Samsung Android Go: significant change but too little, too late

Samsung loves doing things its own way and creating an ecosystem that would liken it to Apple. As such, it is hardly one you'd expect to toe the line when it comes to Google's Android standards. But if Xiaomi, China's Samsung/Apple, miraculous pulled of the Android One Mi A1 phone, then surely there's hope for Samsung, right? That does seem to be the case, at least for an Android Go budget phone, based on rumors around the J260F. But before you sing hallelujahs, it isn't what you think and may, in fact, be a short-lived experiment.

Right from the very start, Samsung has executed its vision on how Android should look and feel and behave. It started at a time when Google didn't have as strong a vision, allowing Samsung to almost define how the world perceived Android. Being the largest Android phone maker, there was a real risk that Samsung's brand of Android, called TouchWiz, would be presumed to be the Android experience.

Google eventually pushed back with its pristine Android experience. It took a while for the idea to go mainstream but, thanks to Nexus and the Pixel devices, "vanilla Android" became one of the most desired traits of any new smartphone.

It didn't help Samsung's cause that TouchWiz, over time, became more of a liability than an asset. It was bloated and slow in comparison and updates came slowly if at all. Samsung revamped TouchWiz into Samsung Experience and did try to do better. But it was too late by then and the image stuck.

Samsung fans wanted a Samsung phone with a vanilla Android experience. They're finally getting one, but it's not exactly what they wished for. This Android Go phone, like any other Android Go phone, is no premium flagship. The J260F, as the prefix implies, is an entry-level phone. According to recently leaked specs, it will get a 5.0-inch screen, Super AMOLED of course, and run on an Exynos 7570 processor with 1 GB of RAM and 32 GB of storage. The 2,600 mAh battery might be too small for a Samsung but, without TouchWiz/Samsung Experience, there might not be too much battery drain anyway.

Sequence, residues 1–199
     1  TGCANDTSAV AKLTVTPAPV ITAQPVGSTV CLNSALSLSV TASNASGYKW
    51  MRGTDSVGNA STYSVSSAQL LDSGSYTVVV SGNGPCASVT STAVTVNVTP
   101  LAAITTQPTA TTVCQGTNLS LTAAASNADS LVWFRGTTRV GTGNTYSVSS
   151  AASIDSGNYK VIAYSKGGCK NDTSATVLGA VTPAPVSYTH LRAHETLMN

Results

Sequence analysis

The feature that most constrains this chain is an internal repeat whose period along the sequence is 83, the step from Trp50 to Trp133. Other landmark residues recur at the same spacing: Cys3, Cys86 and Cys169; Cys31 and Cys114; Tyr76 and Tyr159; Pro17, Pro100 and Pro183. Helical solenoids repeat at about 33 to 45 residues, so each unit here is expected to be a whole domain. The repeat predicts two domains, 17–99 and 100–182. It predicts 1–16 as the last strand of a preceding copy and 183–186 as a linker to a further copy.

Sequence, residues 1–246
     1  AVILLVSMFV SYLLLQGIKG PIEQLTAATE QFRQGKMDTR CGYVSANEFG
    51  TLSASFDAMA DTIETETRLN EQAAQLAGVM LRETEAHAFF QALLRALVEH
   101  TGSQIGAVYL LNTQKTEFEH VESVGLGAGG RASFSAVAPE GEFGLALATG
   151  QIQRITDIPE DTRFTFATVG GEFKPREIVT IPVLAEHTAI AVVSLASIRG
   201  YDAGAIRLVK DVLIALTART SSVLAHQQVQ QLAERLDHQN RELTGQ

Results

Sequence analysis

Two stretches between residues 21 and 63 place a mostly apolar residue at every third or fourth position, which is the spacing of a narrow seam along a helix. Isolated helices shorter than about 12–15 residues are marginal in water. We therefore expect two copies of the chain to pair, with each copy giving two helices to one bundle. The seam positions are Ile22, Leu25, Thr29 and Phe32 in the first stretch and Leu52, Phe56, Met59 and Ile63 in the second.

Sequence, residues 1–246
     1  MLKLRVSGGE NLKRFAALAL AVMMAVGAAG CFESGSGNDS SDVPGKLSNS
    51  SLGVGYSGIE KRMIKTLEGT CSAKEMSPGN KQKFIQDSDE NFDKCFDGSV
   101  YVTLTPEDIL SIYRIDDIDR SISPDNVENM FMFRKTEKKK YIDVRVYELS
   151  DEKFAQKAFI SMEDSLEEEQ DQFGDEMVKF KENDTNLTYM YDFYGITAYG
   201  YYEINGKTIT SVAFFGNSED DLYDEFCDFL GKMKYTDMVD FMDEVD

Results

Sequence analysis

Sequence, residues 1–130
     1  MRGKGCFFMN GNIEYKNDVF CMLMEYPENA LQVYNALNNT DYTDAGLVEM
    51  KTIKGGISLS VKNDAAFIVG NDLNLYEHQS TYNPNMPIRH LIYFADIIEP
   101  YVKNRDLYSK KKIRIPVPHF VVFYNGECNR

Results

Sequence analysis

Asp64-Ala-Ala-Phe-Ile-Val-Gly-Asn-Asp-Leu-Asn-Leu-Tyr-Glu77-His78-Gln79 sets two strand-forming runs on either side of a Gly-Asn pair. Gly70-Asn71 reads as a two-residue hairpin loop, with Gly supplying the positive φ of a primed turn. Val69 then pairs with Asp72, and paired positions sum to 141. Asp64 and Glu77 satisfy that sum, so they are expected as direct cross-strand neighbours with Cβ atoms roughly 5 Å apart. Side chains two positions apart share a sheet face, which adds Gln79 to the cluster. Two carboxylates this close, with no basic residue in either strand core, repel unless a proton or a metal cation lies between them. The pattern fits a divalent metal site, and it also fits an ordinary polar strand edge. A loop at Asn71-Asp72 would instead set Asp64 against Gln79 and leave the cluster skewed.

Like any other Galaxy J phone, this is going to be marketed at a limited number of countries. SamMobile names United Kingdom, Uzbekistan, Caucasus Countries, Germany, Italy, Ukraine, Russia, Kazakhstan, France and Poland for the J260F, Argentina, Bolivia, Chile, Colombia, Trinidad and Tobago, Peru, Panada and Paraguay for the J260M, and Cambodia, Thailand, Singapore, Malaysia and Vietnam for the J260G. The choice of countries isn't random. These are the markets where Samsung is losing ground against other manufacturers, especially Chinese brands.

Its Android Go phone, then, is really less about supporting Google's program and more about trying to reclaim market share. Android users want a vanilla Android Samsung phone, right? Those same users, however, may actually want a more powerful phone than an Android Go. Some of these markets also already have Android Go phones. Some might even have mid-range Android One phones available. There might be fewer reasons for buyers to opt for a Samsung Android Go phone, depending on how much Samsung will charge for them.

There are obvious benefits to having an Android Go from Samsung, but it's not a panacea. Samsung will still have a part to play in making sure that the updates arrive in a timely manner. And Samsung will also have to do its share in actually marketing the device, which will compete with its own customized Galaxy J phones. Given its previous experience with the Google Play Edition phones, that might not be the case. This Android Go phone might end up being a one-off thing just to keep Google happy and definitely not indicative of Samsung's future direction.